Firefighters roping in Schultz Fire
Flagstaff, AZ – Firefighters finally began to get a handle on the Schultz Fire yesterday, which they now estimate is 20 percent contained. But the best news came when Coconino County Sheriff Bill Pribil stepped to the podium at a press conference along Highway 89 near the fire.
"Due to the valiant efforts of the firefighting services, we believe we will allowing people back into the evacuated areas. Applause. Yeah. We are excited."
Pribil hopes to let evacuees return home later this morning, but he doesn't yet know a specific time. He stresses they need to have proper ID. And, he says he first wants residents to assess their properties.
"We want to make sure everything's in order, utilities are up and running before you start bringing your trailers and animals back to your home."
The sheriff's department is of course lifting the evacuation because of progress fire crews have made battling the blaze. Lighter winds yesterday slowed the fire's progress, and allowed four air tankers to fight it from above. Still, Dugger Hughes, the incident commander for the team managing the fire, says fire behavior remains extreme.
"I was speaking with the Fort Apache hotshot crew, Lockett Meadow right now is green grass, they said they were getting ambers falling into Lockett Meadow and within about a minute, they had spot fires up and running, so the green grass is even carrying fire right now."
But so far the fire has stopped at the ridge line just above the popular alpine meadow. Hughes says the fire also hasn't reached the Inner Basin yet, although that's not because of the firefighters. Flagstaff has three wells there that provide the city with about 20 percent of its water in the summer.
"We're not doing a bunch of work in the IB, we can't get in there, still trying to hook the sides to get towards it, but it's not moving a whole lot, we're really trying to concentrate as we come in from the north end, coming back to the west, coming down towards the Inner Basin, we want to make sure we don't get something where it pushes out to the west from there, because it's just timber forever."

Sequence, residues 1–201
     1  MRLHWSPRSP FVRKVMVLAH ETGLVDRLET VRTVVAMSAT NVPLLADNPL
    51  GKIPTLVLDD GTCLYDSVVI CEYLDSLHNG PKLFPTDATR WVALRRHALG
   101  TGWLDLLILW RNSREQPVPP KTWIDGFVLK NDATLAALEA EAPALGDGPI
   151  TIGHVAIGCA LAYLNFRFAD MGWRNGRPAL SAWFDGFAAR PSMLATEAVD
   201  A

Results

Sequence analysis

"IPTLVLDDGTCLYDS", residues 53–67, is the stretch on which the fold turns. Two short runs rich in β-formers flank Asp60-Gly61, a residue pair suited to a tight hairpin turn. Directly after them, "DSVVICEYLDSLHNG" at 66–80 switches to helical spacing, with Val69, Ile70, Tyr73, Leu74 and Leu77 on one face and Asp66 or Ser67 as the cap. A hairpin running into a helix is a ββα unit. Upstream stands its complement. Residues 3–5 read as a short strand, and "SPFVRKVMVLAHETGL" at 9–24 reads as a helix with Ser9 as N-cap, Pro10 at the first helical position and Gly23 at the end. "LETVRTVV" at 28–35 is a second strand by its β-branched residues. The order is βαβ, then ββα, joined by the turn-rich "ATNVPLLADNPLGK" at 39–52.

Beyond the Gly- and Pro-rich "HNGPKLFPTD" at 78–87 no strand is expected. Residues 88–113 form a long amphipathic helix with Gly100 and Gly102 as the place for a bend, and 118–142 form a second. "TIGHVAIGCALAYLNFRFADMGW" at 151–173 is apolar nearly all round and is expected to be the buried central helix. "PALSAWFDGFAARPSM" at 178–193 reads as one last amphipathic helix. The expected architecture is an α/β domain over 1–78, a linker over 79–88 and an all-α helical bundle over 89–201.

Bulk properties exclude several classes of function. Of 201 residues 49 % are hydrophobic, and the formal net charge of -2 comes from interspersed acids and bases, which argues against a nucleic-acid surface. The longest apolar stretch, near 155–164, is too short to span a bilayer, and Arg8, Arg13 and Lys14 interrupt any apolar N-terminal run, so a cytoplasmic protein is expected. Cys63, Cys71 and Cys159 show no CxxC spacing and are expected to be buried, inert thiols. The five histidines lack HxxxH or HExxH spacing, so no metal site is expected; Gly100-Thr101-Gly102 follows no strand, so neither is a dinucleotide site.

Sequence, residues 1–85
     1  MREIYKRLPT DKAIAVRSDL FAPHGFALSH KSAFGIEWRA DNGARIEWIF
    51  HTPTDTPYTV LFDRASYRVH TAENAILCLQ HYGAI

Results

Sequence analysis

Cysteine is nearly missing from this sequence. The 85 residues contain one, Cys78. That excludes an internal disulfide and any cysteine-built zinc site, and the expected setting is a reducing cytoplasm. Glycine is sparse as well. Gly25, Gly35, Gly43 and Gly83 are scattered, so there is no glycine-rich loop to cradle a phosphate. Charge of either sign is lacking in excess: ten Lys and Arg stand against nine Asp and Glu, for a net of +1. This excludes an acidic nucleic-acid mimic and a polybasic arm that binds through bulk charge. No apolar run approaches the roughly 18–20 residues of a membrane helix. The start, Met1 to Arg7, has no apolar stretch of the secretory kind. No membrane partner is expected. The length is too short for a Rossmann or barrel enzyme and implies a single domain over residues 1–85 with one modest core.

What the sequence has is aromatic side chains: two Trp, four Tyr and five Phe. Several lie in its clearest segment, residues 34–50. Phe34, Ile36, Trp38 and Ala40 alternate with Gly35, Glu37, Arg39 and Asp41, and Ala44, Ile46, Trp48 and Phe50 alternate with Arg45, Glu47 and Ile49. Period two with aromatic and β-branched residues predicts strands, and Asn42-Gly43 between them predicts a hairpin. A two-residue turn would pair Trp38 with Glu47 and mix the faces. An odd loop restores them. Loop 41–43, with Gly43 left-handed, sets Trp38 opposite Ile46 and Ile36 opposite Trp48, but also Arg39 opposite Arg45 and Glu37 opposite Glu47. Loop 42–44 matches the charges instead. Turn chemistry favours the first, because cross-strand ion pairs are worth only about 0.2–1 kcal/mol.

Crews are also focusing on securing the "heel" of the fire, near where it first started in Schultz Pass. Tonight they plan to light a back burn along Mount Elden to secure the southern edge of the fire. Hughes says the fire is slowly backing down the other side of the pass. That's the smoke people in Flagstaff see. But he says they've put a line in about an eighth of a mile away from the fire's edge.
"What that fire's burning right now, it's active, but it's just backing, cleaning up under the timber, doing a good job of perhaps preventing another large fire in there in future years we're going to let it back down to that line."
Then they'll tie that line up the ridge to Doyle Peak and to the Inner Basin.
"That's going to take us a long time, that is labor, labor intensive work. So it's going to take a while."
About two weeks, according to Hughes. Meanwhile Forest service officials are still trying to find who's responsible for abandoning the campfire that ignited the blaze Sunday. Arizona Governor Jan Brewer was asked about the fire's cause at a press conference yesterday, after she toured the fire by air.
"We all know, from the time we're little, when we're in the mountains, that we have to be absolutely sure that our campfires are buried over and out, we learned that as cub scouts, as girl scouts, and it's an unfortunate situation that carelessness leads to this, and it's a disaster."
The Governor also said she spoke with President Obama yesterday, who promised he's supply whatever is needed to get the fire under control.
For Arizona Public Radio, I'm Daniel Kraker in Flagstaff.